There’s also Joyce Porter’s DCI Wilfred Dover of Scotland Yard. In Dover One, the first of this series, Dover and his assistant Charles MacGregor are sent to Creedshire to look into the disappearance of a housemaid Juliet Rugg. The local police haven’t found a body or evidence of murder, but if I may put it this way, if she is alive, she would be not be misidentified easily. So Creedshire’s Chief Constable Bartlett suspects foul play. Here’s what DCI Dover has to say about the assignment:


‘I don’t know why it is…it always seems to be me that gets landed with these jobs. You’ll see, we’ll hang around there for a couple of days and she’ll turn up again, older and wiser if you know what I mean. Holed up in Brighton, that’s where she is! And when her money runs out, the boy-friend’ll hop it and she’ll come back home.’


Dover is bad-tempered to begin with, and especially when he is expected to exert himself. So he doesn’t start this case in the best frame of mind. But he and MacGregor (who unlike his boss, is quite ambitious) head to Creedshire, where it turns out that there’s much more to this case than a woman running off with a boyfriend.

M.C. Beaton’s Hamish Macbeth is also lazy when it comes to his career. He is perfectly content to be the village bobby in the Highlands town of Lochdubh. In fact, he’d far rather be fishing, spending time with his dog or just relaxing than investigating crime. And in novels such as Death of a Bore, we can see that he’d rather resolve a conflict than make an arrest. In that novel, writer John Heppel has settled in Lochdubh and decided to offer a writing class. Several of the locals sign up, hoping they’ll become well-known authors. At the first class Heppel insults his students and their work. Macbeth hears about this (Lochdubh is a small village) and pays Heppel a visit with the goal of smoothing over the situation. Not only does he care about the people of Lochdubh, but also, it’s less work to offer a friendly word than to make an arrest. Heppel’s unwilling to listen to Macbeth though, and the second class is, if possible, worse than the first. When Heppel  is found dead not long after that session, Macbeth finds that more than one person had a good motive for murder.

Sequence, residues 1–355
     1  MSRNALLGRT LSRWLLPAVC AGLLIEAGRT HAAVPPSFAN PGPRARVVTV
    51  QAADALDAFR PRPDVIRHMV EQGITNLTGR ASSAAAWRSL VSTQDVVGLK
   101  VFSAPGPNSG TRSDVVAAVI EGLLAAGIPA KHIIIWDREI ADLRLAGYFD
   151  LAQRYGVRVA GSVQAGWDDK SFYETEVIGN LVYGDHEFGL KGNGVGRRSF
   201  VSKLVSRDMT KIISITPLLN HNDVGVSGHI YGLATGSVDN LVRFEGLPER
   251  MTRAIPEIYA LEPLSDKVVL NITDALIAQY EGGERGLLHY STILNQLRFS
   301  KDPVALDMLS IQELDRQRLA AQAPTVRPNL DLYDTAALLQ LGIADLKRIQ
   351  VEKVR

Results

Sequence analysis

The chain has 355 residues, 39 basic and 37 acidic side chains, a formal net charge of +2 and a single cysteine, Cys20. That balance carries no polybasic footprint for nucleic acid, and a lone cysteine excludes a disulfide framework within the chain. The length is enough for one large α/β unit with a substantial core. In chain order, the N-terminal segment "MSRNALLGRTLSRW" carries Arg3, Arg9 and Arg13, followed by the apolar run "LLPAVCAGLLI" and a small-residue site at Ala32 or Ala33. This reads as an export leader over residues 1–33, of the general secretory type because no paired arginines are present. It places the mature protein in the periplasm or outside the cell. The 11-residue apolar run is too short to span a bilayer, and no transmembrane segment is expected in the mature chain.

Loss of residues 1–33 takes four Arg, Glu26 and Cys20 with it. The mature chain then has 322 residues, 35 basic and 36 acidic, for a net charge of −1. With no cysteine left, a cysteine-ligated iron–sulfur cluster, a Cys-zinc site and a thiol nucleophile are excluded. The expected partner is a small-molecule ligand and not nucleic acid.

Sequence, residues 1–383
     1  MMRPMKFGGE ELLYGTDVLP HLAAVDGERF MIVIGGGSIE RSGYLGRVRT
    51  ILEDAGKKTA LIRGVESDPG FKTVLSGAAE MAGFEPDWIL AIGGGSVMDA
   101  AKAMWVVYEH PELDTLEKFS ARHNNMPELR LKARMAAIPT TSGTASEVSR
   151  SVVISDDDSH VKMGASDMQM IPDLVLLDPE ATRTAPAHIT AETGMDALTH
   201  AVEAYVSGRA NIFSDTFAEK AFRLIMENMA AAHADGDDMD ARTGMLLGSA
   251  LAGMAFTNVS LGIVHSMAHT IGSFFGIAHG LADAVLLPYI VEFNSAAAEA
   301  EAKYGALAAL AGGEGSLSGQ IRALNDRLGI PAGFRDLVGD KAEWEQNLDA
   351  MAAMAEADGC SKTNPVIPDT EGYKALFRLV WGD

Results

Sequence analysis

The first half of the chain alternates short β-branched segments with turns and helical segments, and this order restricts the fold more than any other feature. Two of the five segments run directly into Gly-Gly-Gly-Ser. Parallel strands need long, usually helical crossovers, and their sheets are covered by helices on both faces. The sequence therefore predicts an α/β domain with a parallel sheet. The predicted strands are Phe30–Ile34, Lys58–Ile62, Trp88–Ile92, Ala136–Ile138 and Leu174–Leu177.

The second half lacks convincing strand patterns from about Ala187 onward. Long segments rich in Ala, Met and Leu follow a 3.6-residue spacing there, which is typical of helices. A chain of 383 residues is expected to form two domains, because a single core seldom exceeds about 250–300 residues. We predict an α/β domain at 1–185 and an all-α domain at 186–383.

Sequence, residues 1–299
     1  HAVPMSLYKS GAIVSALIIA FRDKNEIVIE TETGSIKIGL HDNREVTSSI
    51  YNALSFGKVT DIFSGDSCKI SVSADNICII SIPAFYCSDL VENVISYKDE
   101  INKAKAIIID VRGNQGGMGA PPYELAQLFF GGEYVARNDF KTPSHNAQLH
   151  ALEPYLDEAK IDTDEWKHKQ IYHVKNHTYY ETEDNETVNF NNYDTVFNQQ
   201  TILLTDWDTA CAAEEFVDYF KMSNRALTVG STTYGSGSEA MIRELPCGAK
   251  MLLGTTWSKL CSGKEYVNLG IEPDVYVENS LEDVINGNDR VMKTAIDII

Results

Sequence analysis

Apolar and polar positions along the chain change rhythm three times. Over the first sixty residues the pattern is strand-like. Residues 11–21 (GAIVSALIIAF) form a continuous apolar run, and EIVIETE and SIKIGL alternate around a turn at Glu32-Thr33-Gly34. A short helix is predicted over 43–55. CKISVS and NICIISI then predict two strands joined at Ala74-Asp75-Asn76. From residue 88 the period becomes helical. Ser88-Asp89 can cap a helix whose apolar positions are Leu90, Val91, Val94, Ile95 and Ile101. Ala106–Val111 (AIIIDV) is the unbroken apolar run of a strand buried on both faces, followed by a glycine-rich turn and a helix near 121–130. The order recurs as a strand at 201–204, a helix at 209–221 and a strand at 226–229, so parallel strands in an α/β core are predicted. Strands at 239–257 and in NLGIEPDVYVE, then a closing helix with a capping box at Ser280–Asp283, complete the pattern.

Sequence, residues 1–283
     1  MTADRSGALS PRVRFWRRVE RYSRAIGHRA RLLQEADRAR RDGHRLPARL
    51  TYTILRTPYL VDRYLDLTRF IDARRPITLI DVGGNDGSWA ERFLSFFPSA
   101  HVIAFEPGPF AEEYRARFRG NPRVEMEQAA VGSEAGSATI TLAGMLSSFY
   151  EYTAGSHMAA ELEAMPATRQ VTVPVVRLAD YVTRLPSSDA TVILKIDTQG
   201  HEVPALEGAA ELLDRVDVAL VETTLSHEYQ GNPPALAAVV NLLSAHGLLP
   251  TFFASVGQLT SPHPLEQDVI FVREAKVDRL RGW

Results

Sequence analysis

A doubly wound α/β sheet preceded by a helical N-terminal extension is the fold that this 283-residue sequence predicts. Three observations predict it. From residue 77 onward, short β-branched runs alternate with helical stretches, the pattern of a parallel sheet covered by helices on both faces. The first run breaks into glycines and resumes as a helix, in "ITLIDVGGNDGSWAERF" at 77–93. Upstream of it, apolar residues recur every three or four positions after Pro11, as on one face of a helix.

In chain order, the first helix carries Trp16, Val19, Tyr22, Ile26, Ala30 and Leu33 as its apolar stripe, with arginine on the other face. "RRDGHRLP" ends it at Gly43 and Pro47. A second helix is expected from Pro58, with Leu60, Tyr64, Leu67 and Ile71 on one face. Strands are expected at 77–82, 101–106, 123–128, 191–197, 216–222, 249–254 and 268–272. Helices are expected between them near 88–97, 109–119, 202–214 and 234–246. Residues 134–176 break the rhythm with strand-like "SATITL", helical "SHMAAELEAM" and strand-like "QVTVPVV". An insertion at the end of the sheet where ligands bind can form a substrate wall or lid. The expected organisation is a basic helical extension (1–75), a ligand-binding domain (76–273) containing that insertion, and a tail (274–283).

There are of course other lazy fictional sleuths but honestly, I can’t be bothered to mention any more. Your turn.



*NOTE: The title of this post is the title of a Moody Blues song.


Filed under Arthur Conan Doyle, Joyce Porter, M.C. Beaton, Rex Stout, Roderic Jeffries

I Am a Child*

Child WitnessesAn interesting comment exchange has got me thinking about the way children observe and learn all sorts of things, even when they’re not deliberately trying to find something out.  Children are naturally curious and observant for the most part, and they make their own sense of what they see and experience. On the one hand, their immaturity and lack of experience can make them unreliable as witnesses. On the other hand though, they can be very keen observers and they can often ‘fade into the background’ so people aren’t always aware they’re there. So it makes sense for fictional (and real) sleuths to be open to listening to what children have to say.

You’ll notice as you read this post that I won’t be mentioning novels or series (e.g. Alan Bradley’s Flavia de Luce series, or Fireside Publications’ Leaders & Legacies series) in which a child is the sleuth. To me that’s a different sort of role for a child. It’s probably post-worthy in and of itself. Instead I’ll be looking at stories where what children observe is very helpful to the sleuth.